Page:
The project data will allow scientists to characterise the 3‐D structure of the oceanic crust and sub‐crustal lithosphere along the Macquarie Ridge Complex using novel lithospheric seismic imaging. Scientists will then be able to better understand the structural, thermal, and compositional nature of the area and identify anomalies in the crust and mantle, analyse the source of past and present earthquakes and determine their submarine landslides and tsunamigenic potential. It will also allow scientists to peak deep inside the Earth’s interior and study its structure and dynamics as deep as the core and lowermost mantle. A carefully designed Macquarie Ridge Array will allow monitoring regional and distant earthquakes, ambient noise, storms, and processes related to the interaction between the solid Earth, ocean and atmosphere.

 

 

More information about CSIRO and MNF

CSIRO, the Commonwealth Scientific and Industrial Research Organisation, is Australia’s national science agency. It manages MNF, the Marine National Facility to provide Australia with a dedicated blue-water research facility. The MNF is funded by the Australian Government and operated by CSIRO on behalf of the nation.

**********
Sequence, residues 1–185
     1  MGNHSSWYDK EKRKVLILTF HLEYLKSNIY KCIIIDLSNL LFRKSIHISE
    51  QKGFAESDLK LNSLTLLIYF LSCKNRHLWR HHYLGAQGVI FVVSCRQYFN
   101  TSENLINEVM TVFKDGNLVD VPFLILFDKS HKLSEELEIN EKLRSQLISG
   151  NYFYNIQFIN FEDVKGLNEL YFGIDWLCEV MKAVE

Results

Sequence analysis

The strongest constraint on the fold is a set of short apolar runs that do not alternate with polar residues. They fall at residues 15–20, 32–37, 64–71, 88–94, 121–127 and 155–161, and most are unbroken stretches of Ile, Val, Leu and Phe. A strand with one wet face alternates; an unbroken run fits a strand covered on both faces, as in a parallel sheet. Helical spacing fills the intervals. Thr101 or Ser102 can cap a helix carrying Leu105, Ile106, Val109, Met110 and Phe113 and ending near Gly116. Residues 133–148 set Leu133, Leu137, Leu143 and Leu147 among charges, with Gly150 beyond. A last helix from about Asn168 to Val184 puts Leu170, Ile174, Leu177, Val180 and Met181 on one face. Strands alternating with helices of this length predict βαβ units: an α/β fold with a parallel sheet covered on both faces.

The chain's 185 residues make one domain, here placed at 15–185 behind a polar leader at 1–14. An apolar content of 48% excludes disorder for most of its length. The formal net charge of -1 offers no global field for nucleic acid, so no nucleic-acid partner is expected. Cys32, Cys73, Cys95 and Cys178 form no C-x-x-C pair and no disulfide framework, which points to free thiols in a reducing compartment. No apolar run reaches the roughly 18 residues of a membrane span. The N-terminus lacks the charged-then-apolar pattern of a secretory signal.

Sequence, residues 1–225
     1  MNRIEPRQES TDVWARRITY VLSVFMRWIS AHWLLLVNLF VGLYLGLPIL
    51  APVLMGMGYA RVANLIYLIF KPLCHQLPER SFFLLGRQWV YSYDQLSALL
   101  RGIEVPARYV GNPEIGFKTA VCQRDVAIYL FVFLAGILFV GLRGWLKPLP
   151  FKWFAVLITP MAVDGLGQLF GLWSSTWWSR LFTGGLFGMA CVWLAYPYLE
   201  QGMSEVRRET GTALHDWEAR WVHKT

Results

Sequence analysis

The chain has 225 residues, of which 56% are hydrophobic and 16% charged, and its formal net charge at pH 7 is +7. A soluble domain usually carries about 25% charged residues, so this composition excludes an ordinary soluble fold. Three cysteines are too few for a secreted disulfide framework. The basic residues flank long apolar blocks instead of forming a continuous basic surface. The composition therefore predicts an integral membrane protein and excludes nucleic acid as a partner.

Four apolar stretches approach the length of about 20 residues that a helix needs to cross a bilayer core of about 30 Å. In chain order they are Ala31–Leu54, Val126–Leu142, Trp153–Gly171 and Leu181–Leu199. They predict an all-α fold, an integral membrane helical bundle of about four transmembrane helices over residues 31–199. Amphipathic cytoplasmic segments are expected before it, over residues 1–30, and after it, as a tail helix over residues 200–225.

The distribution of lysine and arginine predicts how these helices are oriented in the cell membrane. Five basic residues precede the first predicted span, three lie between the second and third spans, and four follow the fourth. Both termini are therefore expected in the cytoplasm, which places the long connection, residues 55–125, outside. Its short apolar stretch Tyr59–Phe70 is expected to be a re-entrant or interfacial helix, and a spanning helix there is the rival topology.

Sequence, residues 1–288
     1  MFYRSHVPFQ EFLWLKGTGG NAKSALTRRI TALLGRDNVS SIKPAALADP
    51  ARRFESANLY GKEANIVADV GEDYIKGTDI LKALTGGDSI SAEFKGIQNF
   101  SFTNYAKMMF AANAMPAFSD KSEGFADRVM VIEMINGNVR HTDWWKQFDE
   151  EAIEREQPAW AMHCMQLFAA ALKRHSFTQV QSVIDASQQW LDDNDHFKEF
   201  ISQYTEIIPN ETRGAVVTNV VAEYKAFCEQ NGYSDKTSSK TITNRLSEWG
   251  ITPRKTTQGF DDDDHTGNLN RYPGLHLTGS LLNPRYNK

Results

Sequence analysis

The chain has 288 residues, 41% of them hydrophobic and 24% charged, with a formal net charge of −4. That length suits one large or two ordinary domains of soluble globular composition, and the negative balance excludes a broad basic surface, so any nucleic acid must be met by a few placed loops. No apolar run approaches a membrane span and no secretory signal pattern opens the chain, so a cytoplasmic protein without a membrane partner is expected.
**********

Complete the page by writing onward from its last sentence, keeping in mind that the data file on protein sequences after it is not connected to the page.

NIWA's science party on RV Tangaroa. From left to right, top row: Ollie Twigge, Francesco Turco, Susi Woelz, Joshu Mountjoy, Erica Spain, Neill Barr. Front row: Will Quinn, Kevin Mackay. 

 

Research project contacts


Professor Hrvoje Tkalčić, ANU - Chief Scientist ([email protected])


Professor Mike Coffin, UTAS - Alternate Chief Scientist and Chief Investigator ([email protected])


Dr Caroline Eakin, ANU - Chief Investigator ([email protected])


Professor Nicholas Rawlinson, Cambridge - Chief Investigator ([email protected].u)


Professor Joann Stock, Caltech - Chief Investigator ([email protected]tech.edu)


Contact

Strategy Manager - Oceans
Principal technician Neill Barr washing an Ocean Bottom Seismometer (OBS) onboard RV Tangaroa. [Joshu Mountjoy, NIWA]
RV Tangaroa's deck, showing scientific instruments ready for deployment. [Credits: NIWA / Joshu Mountjoy]
Ocean Bottom Seismometer (OBS) being retrieved at sea, from RV Tangaroa. [Credits: NIWA / Joshu Mountjoy]
The OBS data will allow scientists to characterise the 3‐D structure of the oceanic crust and sub‐crustal lithosphere along the Macquarie Ridge Complex using novel lithospheric seismic imaging.  [Credits: NIWA / Joshu Mountjoy]